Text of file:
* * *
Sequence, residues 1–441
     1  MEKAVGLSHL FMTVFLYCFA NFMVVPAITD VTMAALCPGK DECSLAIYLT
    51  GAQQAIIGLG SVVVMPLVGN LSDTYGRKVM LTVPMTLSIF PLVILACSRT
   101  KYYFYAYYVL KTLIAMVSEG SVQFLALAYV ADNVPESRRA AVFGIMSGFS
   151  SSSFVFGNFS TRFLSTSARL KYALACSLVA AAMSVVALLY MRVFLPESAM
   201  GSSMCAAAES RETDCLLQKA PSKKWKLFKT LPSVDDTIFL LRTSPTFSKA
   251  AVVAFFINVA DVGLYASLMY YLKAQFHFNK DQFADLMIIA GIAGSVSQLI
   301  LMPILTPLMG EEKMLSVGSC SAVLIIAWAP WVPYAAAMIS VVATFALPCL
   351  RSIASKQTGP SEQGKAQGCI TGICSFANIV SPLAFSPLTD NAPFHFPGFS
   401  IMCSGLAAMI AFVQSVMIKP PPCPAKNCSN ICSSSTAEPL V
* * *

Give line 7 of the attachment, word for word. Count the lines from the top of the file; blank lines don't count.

   251  AVVAFFINVA DVGLYASLMY YLKAQFHFNK DQFADLMIIA GIAGSVSQLI